Japan has made it public that the anti-ship missiles now on Miyako and Okinawa are not operational. However, the truck-mounted Type-88 missiles, similar to the U.S. Harpoon anti-ship missiles with which Canada’s Halifax Class frigates are armed, have a range of over 150 kilometres.
Tokyo’s message to Beijing is that Japan has the ability to close the gateway to the Pacific for China’s navy if it wishes.
The increasingly dangerous chest-thumping stems from what Beijing sees as American-led efforts to contain China and stop its newly minted modern navy from projecting power across the Pacific and beyond.
Beijing sees the so-called “first island chain” off its coast of American allies Japan, Taiwan and the Philippines as a fence intended to restrict China’s free use of the seas.
For several years Beijing’s strategic policy in the East China Sea appears to be aimed at breaking this barrier.
It has achieved some success in its blandishments toward the government of President Ma Ying-jeou in Taiwan, which Beijing says is a rebel province that should be part of China. After five years or so of luring Ma to the negotiating table with economic tid-bits, Beijing is now demanding talks on the island’s sovereignty, much to the disgust of Taiwan’s 23 million people, 93 per cent of whom want to retain their independence.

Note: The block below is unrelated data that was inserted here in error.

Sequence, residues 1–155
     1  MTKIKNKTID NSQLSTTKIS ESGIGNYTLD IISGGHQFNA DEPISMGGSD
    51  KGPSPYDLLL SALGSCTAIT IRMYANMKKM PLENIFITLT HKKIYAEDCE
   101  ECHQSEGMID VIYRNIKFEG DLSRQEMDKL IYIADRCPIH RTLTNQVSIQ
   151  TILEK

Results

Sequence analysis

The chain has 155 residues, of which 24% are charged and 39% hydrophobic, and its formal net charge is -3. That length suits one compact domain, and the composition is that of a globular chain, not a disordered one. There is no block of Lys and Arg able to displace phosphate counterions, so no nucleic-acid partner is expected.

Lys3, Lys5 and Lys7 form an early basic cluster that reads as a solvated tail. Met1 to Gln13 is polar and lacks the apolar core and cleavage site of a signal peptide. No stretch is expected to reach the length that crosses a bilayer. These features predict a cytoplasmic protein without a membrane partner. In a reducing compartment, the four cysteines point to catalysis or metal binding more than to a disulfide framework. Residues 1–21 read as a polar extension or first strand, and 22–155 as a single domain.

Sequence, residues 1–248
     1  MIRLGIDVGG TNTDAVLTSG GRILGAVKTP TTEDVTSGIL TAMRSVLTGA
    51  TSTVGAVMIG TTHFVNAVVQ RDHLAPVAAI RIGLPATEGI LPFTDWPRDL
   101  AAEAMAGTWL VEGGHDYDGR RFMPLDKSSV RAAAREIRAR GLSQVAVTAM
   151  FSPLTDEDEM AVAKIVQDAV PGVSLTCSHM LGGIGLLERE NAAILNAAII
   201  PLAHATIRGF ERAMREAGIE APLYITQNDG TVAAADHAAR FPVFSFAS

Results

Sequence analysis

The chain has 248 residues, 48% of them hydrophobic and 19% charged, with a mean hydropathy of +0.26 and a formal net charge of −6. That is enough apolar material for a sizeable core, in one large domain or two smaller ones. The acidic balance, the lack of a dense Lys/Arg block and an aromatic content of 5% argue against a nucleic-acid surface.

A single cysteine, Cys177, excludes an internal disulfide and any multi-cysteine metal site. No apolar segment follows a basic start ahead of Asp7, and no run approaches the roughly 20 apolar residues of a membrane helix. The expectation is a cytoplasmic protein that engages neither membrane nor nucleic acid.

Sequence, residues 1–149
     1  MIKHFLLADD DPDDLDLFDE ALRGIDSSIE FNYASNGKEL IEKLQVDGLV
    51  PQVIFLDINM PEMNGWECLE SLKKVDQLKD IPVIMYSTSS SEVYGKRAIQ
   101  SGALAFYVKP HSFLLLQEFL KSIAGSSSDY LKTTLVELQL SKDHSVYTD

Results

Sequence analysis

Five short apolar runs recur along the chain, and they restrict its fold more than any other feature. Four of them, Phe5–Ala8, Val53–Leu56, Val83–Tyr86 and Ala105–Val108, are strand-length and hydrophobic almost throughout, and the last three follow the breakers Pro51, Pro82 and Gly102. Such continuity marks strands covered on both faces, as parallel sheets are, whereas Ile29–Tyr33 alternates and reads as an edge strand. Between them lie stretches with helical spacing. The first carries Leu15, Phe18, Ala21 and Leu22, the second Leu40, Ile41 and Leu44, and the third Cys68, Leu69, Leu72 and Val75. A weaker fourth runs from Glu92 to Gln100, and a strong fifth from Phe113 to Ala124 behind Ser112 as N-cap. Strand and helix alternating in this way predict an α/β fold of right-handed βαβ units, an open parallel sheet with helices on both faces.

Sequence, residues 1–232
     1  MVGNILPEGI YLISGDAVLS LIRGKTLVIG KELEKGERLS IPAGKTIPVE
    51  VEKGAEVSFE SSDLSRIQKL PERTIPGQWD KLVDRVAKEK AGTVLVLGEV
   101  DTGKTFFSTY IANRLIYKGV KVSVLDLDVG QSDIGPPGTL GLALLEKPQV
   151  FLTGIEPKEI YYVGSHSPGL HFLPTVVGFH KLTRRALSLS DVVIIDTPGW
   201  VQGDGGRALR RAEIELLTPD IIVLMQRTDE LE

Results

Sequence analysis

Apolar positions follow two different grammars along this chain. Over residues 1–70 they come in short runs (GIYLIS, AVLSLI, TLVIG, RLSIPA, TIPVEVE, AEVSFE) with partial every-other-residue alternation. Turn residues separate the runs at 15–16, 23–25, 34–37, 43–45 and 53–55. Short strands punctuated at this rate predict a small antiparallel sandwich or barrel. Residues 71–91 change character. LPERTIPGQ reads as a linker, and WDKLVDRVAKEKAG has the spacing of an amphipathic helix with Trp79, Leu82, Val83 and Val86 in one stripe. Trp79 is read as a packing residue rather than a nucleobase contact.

However, the seduction of Ma has raised questions about how vigorously Taiwan’s military would be instructed to defend the island should China invade, and how strong an obligation the United States would feel to rush to Taiwan’s defence.
Despite this, China’s occupation of Taiwan is not an immediate prospect. Beijing’s most vigorous campaign at the moment is to dispute Japan’s possession of the five uninhabited Senkaku Islands.
Japan has possessed the islands since 1895. Beijing’s claim is a modern fiction concocted after scientists raised the possibility of substantial submarine oil and gas reserves around the islands in 1961.